Organisations should seize this opportunity to look at their values

Not since 911 has one event triggered such global impact and uncertainty across all businesses and industries. The unprecedented speed and scale of organisational change has challenged even the prepared leadership team.

The past month has seen leaders scrambling to adjust to the first phase of pandemic, supporting their teams to adjust to the new ways of working and finding fast fixes for their business model to keep the business operational.

Most organisations are now in the second phase, preparing and adjusting for an uncertain period of remote working or strict protocols for a phased return to work to support essential workers in industries such as manufacturing. One of the biggest challenges for leaders will be to keep their teams engaged and productive as the impact of isolated living takes its emotional toll. HR and internal communications teams around the world are in critical demand to support leaders and employees.

However, the real challenge and priority for leaders is the longer-term impact of the pandemic on their business and teams. This pandemic is not simply a case of ‘weathering the storm’ and then returning to normal; the broader implications of this situation will force a different type of change and organisational behaviour required by businesses and leaders.

What leaders do now to support their employees and plan for a changing business model will define the future success of their business.


A values proposition

Perhaps the biggest challenge that businesses are facing is the reality that COVID-19 has exposed a significant imbalance between manufacturing and retail employees  and office-based workers. Leaders and HR teams will have to address the issues/inequalities that have been revealed. Working processes need to be addressed to provide greater support to an organisation’s essential workers and for this to be recognised across the whole business.

The hierarchy of employee needs has been upended, not just to essential workers but all employee groups. What they expect and will demand in the future in both benefits and behaviours means a new approach is essential if businesses want to retain and attract top talent.


Great expectations

A lot has been said about changing employee expectations on future ways of working; its correct that COVID-19 has shown us that things can be different, the impossible is possible when needed. But the challenge for leaders is understanding what these expectations are, and if these expectations are sustainable for the business long-term.

Early data reveals that leaders will likely face are requests for:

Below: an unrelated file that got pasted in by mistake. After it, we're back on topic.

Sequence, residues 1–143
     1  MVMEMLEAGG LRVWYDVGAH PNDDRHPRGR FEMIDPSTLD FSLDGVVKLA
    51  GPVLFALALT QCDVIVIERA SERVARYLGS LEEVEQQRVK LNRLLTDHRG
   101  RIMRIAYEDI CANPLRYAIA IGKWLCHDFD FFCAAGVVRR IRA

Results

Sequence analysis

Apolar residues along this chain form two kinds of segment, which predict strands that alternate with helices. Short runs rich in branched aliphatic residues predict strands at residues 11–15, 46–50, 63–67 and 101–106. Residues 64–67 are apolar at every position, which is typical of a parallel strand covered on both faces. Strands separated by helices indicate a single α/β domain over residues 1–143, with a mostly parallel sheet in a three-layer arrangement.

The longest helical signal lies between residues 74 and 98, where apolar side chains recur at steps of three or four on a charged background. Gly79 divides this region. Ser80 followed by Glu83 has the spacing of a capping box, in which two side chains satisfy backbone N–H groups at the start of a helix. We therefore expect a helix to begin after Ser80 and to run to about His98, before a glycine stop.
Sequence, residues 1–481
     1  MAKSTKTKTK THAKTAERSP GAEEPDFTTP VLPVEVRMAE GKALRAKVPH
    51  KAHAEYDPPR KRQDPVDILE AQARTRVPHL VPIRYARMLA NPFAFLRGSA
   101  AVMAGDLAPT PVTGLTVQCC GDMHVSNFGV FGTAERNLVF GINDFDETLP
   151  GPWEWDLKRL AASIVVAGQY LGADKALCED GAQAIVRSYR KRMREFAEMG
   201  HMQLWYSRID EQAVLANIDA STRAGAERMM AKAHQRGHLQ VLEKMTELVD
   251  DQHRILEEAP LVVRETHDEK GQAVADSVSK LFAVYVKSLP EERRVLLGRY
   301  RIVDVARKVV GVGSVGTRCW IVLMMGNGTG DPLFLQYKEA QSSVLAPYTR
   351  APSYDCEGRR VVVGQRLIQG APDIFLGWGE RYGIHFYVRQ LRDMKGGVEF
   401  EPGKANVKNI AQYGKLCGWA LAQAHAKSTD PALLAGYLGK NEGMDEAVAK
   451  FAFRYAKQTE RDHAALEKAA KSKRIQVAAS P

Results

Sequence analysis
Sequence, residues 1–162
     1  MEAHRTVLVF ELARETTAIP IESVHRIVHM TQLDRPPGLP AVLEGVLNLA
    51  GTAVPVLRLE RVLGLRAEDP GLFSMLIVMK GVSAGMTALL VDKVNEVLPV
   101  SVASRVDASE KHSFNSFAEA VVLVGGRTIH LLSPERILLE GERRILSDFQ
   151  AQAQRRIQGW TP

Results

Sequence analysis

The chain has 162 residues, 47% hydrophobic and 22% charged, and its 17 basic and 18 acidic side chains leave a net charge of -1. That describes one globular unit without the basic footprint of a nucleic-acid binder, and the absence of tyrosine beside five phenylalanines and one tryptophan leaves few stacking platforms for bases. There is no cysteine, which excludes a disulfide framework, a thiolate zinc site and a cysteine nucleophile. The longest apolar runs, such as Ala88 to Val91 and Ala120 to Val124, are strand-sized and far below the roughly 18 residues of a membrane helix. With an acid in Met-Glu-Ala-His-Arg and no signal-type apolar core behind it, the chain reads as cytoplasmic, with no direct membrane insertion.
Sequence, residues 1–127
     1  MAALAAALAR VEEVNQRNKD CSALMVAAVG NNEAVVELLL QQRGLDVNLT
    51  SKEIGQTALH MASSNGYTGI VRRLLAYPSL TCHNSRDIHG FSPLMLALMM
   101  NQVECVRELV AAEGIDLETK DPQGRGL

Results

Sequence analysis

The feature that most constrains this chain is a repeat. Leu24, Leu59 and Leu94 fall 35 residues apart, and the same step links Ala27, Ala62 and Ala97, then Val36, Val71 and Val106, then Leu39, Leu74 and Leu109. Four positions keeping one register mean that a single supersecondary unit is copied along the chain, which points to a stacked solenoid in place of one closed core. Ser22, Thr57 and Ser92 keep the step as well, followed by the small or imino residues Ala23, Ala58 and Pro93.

• Increased flexibility in remote working
  • More flexible working hours
  • Changes to employee benefits

There is no one size fits all, quick solution. The key to leaders getting this right is listen to what employees are saying and understand what the impact of these different requests will be on the operations and ways of working of the business. Leaders need to evaluate what is practical and right for the longer-term success of the business.

[perfectpullquote align=”right” bordertop=”false” cite=”” link=”” color=”” class=”” size=””]How they develop and implement these organisational changes is critical[/perfectpullquote]

How they develop and implement these organisational changes is critical. Traditionally, most organisations tend to design and implement change in silos – by function, business unit, special project. If anything, this crisis has shown us that organisations need to develop and execute integrated change more to support organisation agility and productivity.

What leaders need to be thinking of now is the employee user experience (EUX). Creating integrated change plans, built and executed to enable employees to more easily do their jobs, will not only create more agile change and support increased productivity but it will also increase the employer value proposition (EVP) which will be increasingly important for brands longer term.


Squaring wellbeing and productivity

The speed and scale of change has challenged even the most prepared leadership. But in the large majority of cases, organisations have been able to adapt to support their teams as needed. Their focus has been on supporting the wellness and engagement of employees, which in turn supports customers and productivity.

One issue leaders should be planning for is the how they will prepare their teams for future working and bringing teams physically together – when they are allowed. There will be a conflict between the organisational needs to retain and increase productivity, and the employees’ needs to recover and recalibrate after the lockdown.

Don’t wait for the conflict – think ahead on how you can support your teams to remain productive whilst protecting their wellbeing. Think of this as a relay race, not a marathon.

Image by Steve Buissinne